Skip to main content

55 minutes

I have approximately 55 minutes to teach language arts.
It's not enough time, of course. But then how much time is enough time?

As I work through this dilemma, I have decided that some routines are non-negotiable. Independent reading and read aloud need to happen every day, and my students need time to write and explore different writing techniques in a writer's notebook. So far, I've been able to stay the course even if we've had to skip read aloud on occasion.

In the meantime, here are some things I've noticed so far:

Most of my students come in at the beginning of class and settle in around the room with a book; they know that the first 10 - 15 minutes are for independent reading and they take this time seriously.

I have my work cut out with some students who don't like to read, or so they say. What they don't know, or at least don't think I'm serious when I tell them, is that my goal for this year is to make sure that everyone loves to read or, at least, likes it a lot more than they do now.

Some of my 7th grade students choose to write any chance they get. I've started calling this group of six kids, "the writing circle". They don't object.

I've heard my students groan when I tell them we need to stop reading during an specially poignant part of Out of My Mind.

At the beginning of class, my 6th graders ask if we're going to read Esperanza Rising today. They don't yet trust that reading aloud is going to be a fixture in our classroom. After reading a couple of chapters, one student says, "Hey, this isn't a bad book at all." Music to my ears!

We are talking about some universal themes in literature and writing about the one(s) we are noticing in our independent reading books.

We update our reading status every day and share what we're reading with each other. By doing this, the kids are getting to hear about books that they might want to read. (Thanks to Donalyn Miller for sharing this idea in her book, Reading in the Wild.)

My students are starting to keep track of books read, books to read, and books abandoned on Goodreads.

We have launched our classroom Twitter account though that needs more thought and fleshing out on my part and with my students.

I will be figuring out how to maximize our 55 minutes so that every moment counts. How I'm doing that will be for another post. What matters is that over the next few weeks I will have solidified those 55 minutes so that we don't run out of time for what's important - reading, writing and talking about literature. But, for now, I think we're doing fine.



Post a Comment

Popular posts from this blog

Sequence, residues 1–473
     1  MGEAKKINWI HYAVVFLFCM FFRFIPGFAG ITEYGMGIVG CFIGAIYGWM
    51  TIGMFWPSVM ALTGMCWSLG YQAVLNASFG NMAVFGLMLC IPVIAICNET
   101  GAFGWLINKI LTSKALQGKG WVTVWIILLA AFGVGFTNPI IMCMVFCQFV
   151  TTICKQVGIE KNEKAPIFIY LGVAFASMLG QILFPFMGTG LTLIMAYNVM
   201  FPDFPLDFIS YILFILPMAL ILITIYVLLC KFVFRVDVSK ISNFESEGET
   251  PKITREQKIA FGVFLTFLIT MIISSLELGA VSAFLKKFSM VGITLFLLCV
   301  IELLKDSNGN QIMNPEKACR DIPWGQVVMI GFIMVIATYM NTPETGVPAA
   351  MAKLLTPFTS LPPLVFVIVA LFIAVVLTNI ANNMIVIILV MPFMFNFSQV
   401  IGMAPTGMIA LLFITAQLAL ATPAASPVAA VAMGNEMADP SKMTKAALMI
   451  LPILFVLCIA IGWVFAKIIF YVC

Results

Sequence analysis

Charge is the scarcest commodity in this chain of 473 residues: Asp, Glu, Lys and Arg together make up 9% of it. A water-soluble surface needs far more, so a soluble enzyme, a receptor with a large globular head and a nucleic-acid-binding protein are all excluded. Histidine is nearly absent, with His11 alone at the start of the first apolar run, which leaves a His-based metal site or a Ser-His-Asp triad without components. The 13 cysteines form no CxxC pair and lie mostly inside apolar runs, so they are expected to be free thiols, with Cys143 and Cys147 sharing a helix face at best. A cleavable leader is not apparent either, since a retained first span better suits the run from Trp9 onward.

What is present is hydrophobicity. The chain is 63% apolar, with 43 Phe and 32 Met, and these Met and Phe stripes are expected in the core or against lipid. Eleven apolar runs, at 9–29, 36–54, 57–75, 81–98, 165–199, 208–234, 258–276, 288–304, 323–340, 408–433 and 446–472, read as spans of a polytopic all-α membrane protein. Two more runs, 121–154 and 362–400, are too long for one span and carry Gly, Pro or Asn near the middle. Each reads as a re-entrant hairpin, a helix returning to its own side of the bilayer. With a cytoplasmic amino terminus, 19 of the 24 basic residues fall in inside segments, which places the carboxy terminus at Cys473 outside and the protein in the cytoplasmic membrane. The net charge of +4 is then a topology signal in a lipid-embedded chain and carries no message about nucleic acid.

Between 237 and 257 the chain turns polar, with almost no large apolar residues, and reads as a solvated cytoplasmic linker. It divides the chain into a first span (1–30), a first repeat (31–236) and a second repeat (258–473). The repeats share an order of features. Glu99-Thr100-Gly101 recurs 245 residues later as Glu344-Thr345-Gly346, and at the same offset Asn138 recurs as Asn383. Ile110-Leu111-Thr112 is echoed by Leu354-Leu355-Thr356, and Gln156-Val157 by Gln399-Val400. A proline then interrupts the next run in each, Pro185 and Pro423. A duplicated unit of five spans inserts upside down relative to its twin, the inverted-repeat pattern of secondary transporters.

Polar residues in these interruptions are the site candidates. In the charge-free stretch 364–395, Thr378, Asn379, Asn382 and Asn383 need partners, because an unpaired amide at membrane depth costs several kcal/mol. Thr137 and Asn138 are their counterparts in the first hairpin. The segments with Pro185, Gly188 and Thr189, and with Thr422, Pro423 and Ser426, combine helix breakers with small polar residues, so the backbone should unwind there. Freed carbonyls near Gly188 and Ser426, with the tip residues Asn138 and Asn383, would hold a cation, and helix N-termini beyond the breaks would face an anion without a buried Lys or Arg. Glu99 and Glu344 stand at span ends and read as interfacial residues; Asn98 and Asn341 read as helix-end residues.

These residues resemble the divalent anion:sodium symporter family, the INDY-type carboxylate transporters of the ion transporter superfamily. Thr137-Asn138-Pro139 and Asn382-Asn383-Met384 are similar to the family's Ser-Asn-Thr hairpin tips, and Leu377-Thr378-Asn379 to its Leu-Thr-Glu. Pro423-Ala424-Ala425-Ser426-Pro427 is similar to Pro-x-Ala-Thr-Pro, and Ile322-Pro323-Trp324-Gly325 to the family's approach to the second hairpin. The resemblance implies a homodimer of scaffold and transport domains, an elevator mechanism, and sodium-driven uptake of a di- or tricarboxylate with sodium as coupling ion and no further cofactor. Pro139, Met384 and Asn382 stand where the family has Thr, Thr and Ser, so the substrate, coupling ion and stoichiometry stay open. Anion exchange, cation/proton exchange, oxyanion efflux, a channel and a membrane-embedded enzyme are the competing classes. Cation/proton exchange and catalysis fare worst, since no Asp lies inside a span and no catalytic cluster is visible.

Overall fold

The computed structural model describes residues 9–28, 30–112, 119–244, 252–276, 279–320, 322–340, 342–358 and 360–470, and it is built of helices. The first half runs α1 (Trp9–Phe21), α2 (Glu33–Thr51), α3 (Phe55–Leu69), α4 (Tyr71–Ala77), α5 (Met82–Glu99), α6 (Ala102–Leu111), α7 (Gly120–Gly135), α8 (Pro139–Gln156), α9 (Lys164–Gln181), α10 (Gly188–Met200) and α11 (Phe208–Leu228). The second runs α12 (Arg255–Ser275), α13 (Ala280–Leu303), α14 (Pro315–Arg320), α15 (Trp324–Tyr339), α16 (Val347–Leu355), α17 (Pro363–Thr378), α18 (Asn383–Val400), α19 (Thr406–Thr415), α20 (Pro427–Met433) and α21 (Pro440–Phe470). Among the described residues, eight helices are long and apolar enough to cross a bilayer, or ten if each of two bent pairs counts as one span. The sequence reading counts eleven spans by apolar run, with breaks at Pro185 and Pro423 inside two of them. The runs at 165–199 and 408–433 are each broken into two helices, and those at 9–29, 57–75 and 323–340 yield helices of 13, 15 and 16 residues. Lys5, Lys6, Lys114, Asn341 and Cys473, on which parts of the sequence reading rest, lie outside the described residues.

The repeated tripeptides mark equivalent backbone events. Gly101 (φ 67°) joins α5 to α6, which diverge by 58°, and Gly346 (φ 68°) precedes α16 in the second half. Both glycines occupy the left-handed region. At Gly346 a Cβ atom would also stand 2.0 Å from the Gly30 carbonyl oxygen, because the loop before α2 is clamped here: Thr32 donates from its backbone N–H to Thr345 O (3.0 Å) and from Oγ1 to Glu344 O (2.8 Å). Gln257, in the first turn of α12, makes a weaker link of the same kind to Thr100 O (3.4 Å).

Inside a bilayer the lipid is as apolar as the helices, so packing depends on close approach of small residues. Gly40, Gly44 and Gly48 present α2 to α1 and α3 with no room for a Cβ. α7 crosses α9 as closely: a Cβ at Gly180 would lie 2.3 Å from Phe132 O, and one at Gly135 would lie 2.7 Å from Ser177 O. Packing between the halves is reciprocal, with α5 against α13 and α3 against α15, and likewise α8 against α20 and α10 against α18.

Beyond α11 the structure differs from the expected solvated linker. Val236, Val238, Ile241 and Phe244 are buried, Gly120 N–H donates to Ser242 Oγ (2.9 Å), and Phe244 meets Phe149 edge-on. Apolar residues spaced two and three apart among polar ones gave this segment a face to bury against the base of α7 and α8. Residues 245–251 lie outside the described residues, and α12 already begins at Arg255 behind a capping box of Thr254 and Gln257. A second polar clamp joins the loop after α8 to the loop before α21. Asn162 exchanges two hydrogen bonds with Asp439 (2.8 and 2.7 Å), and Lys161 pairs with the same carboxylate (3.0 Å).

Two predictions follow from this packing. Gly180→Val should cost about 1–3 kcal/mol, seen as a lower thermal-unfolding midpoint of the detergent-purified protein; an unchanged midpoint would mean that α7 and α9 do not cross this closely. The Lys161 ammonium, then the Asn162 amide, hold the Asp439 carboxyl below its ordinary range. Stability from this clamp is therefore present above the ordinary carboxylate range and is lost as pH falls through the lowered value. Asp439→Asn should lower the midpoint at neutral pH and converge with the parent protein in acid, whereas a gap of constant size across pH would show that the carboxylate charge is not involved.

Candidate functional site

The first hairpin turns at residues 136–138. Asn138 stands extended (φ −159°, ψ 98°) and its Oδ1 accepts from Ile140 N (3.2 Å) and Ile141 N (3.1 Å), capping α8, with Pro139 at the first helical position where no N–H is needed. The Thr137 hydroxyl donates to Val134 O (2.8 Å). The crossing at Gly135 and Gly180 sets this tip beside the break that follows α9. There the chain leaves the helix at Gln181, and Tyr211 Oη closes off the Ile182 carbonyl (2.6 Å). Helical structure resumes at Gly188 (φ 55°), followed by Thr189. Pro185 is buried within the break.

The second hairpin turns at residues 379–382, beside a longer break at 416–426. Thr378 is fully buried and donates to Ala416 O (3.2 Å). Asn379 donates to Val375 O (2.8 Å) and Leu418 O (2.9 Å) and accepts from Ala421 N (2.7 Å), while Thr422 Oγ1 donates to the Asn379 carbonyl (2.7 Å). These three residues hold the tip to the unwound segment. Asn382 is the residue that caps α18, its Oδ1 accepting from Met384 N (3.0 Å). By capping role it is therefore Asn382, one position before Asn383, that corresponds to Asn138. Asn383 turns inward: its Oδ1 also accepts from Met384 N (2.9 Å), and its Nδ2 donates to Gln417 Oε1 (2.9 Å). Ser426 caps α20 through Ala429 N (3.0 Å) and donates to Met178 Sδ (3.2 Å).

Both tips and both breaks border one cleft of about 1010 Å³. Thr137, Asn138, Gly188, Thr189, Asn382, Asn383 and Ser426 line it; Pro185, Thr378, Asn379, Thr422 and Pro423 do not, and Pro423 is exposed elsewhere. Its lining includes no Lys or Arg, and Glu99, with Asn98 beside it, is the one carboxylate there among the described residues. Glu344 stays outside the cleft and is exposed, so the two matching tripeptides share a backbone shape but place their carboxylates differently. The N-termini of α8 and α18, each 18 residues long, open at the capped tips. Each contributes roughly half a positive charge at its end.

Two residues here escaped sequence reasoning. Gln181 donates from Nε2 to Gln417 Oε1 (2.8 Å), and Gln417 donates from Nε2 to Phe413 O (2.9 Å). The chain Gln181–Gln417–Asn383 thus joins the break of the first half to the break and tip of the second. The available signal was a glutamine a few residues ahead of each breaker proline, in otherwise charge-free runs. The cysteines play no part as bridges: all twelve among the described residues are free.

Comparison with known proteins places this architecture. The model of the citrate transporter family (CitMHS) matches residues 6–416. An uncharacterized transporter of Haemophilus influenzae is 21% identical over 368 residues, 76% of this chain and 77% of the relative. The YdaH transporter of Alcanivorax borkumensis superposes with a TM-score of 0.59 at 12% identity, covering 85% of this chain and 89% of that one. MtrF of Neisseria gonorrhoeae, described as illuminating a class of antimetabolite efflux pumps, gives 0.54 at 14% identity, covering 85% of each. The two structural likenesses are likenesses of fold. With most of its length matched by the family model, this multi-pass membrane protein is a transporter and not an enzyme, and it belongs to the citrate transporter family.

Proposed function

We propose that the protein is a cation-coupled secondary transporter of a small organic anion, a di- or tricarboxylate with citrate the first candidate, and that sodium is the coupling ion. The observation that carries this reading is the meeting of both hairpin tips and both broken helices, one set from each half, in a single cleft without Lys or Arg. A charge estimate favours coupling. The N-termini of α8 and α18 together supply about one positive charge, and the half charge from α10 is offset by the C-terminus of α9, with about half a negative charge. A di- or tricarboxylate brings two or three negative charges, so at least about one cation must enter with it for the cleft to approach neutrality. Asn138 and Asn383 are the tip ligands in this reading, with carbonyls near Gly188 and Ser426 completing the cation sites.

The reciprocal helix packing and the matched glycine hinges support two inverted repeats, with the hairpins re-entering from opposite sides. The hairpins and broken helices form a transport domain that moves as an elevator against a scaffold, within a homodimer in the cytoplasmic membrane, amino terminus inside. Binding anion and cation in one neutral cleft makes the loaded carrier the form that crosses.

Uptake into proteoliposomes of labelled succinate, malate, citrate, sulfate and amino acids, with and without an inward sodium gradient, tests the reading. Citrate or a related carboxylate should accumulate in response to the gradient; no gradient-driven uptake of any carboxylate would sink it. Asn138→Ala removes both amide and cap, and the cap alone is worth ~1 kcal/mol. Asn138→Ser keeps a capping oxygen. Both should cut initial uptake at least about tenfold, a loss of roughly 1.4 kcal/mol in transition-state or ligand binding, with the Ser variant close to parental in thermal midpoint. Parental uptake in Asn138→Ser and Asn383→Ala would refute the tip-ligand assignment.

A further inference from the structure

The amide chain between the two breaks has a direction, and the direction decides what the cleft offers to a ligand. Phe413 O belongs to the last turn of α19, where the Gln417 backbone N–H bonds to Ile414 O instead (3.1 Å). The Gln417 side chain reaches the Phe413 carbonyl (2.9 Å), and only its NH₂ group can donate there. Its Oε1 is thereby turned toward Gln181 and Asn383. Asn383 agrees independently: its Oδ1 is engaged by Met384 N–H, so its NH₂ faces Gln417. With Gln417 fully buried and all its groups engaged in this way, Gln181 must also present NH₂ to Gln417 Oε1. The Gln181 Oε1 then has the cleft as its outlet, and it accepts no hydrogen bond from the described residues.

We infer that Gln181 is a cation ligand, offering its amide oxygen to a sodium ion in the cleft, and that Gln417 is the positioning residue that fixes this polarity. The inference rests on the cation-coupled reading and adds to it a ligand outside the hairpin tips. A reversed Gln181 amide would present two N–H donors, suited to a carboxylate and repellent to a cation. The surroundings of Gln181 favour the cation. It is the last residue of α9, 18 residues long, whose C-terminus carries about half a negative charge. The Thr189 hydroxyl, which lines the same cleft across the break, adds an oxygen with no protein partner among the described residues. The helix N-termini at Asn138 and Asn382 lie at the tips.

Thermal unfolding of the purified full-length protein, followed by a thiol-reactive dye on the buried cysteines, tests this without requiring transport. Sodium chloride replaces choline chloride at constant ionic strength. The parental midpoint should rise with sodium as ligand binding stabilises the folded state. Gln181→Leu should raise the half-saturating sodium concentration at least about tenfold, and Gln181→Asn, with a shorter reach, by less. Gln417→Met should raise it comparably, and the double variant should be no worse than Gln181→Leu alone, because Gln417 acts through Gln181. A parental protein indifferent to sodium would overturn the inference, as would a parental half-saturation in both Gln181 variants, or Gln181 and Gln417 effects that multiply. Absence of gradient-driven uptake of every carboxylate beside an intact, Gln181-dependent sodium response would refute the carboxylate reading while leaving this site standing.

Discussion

Partner Reading and Content, Too Routine (PRC2)

I'm a hoarder.
There, I've said it.
I try to deny that I'm a hoarder but it comes back to haunt me every time I move houses, or pack up my classroom at the end of the school year.
I have old articles, lesson plans, handouts, folders brimming with teaching ideas, past issues of profesional journals. I hardly throw anything out though I've learned to be more selective over the years. My one rule of thumb, and I really try to stick to this, is that if I haven't used or referred to something in a year, then it's time to toss it into the recycle bin. One exception to this rule (you knew this was coming, didn't you?) is past issues of journals from professional organizations. However, with the ability to locate articles online through my professional memberships, even this exception is becoming less and less useful, which brings me to the topic of this blog post.
I am currently reading a copy of The Reading Teacher from 2010. I've clipped a couple of informat…

The Reading Strategies Book - Chapter 12, Supporting Students’ Conversations – Speaking, Listening, and Deepening Comprehension

The strategy lessons highlighted in Chapter 12, Supporting Students’ Conversations – Speaking, Listening, and Deepening Comprehension, in The Reading Strategies Book by Jennifer Serravallo are critical to students’ engagement and comprehension, as well as their ability to write literary essays, or even book reviews, summaries and reflective pieces about books. If students aren’t able to talk about books in a way that is invigorating and joyful, they will be less likely to develop an interest in growing ideas for writing about books.
In her introduction to this chapter, Jennifer Serravallo, reminds us that when conversations go well, children are inspired by what they read and are motivated to keep reading. However, when conversations fall flat, then kids get bored and tune out. How do we avoid this situation and teach kids to have focused conversations about books? The answer is easy: teach kids strategies to help them develop effective conversational skills. 

As in other blog posts a…

Saying Goodbye

I can't get used to saying goodbye to my daughters even though we've been doing it for the past 10 years. You'd think it gets easier, but it doesn't. It still feels like the first time.

Your children are not your children. They are the sons and daughters of Life's longing for itself. They come through you but not from you, And though they are with you yet they belong not to you.*
At the airport, I watch families with their young children and try to remember what it was like when my girls were little. What I felt like. What I was doing at the time. What we weren't doing. Was I even aware of the passage of time?

When my kids were little I lived so much in the moment that there was no time to reflect on the fact that our time as a family was measured. Sooner than we were ready, we would have to let them go. Send them on their way. Wish them an abundance of everything, but especially of love, health and joy. 

They come through you, but not from you.* 
I nod and smile, a li…